A PET scanner can detect a radioactive substance that has been injected into or inhaled by the subject. Once in the bloodstream, the material tends to accumulate in the areas of the brain that are most active. PET scans therefore indicate the areas of the brain that are activated during any particular mental task. Other brain imaging methods include Magnetic Resonance Imaging (MRI), which detects radio-frequency signals, and Functional Magnetic Resonance Imaging (fMRI) which detects blood flow in certain parts of the brain. When digitally processed, the results of such imaging techniques can provide fascinating pictures of the brain at work.

Research work being carried out

Various teams of researchers around the world are piecing together more and more information about how our brains work, and in particular how our brains work with language. Research is being carried out on dyslexia, even comparing the brain functions of dyslexic subjects whose mother-tongues differ. However, the research areas that are most likely to be of interest to MET readers relate to aspects such as how the brain functions during learning tasks, the way the brain handles a foreign language (compared with a native language) and the different areas of the brain required to carry out certain language tasks in different languages. All of these fields of research are already offering amazing insights to what happens inside our heads.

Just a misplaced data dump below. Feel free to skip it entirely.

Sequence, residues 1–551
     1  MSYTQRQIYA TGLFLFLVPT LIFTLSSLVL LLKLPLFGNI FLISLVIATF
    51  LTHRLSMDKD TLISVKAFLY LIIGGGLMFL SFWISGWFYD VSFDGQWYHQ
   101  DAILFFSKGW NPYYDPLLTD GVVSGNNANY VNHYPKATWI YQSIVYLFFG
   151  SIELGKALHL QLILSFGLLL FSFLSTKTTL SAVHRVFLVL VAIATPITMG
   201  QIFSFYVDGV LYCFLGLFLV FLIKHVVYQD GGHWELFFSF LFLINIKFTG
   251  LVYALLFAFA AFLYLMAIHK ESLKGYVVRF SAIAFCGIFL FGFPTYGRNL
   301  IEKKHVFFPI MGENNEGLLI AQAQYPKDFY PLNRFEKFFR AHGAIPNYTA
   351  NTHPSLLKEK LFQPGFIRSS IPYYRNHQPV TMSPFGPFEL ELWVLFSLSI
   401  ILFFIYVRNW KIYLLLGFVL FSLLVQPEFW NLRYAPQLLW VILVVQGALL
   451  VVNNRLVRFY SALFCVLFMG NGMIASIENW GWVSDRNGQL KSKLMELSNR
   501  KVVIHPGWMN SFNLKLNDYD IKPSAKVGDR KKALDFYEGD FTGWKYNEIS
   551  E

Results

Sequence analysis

Listening and speaking in the mother-tongue

Research carried out at the Washington University School of Medicine in St. Louis, USA, has confirmed that when listening to a text, the most active areas of the brain are those in the temporal lobe (responsible for hearing perception) and the pre-frontal cortex (responsible for understanding language). On the other hand, when language is being produced, the main area of activity is Broca's area (responsible for motor control of the voice).

Brain activity with a foreign language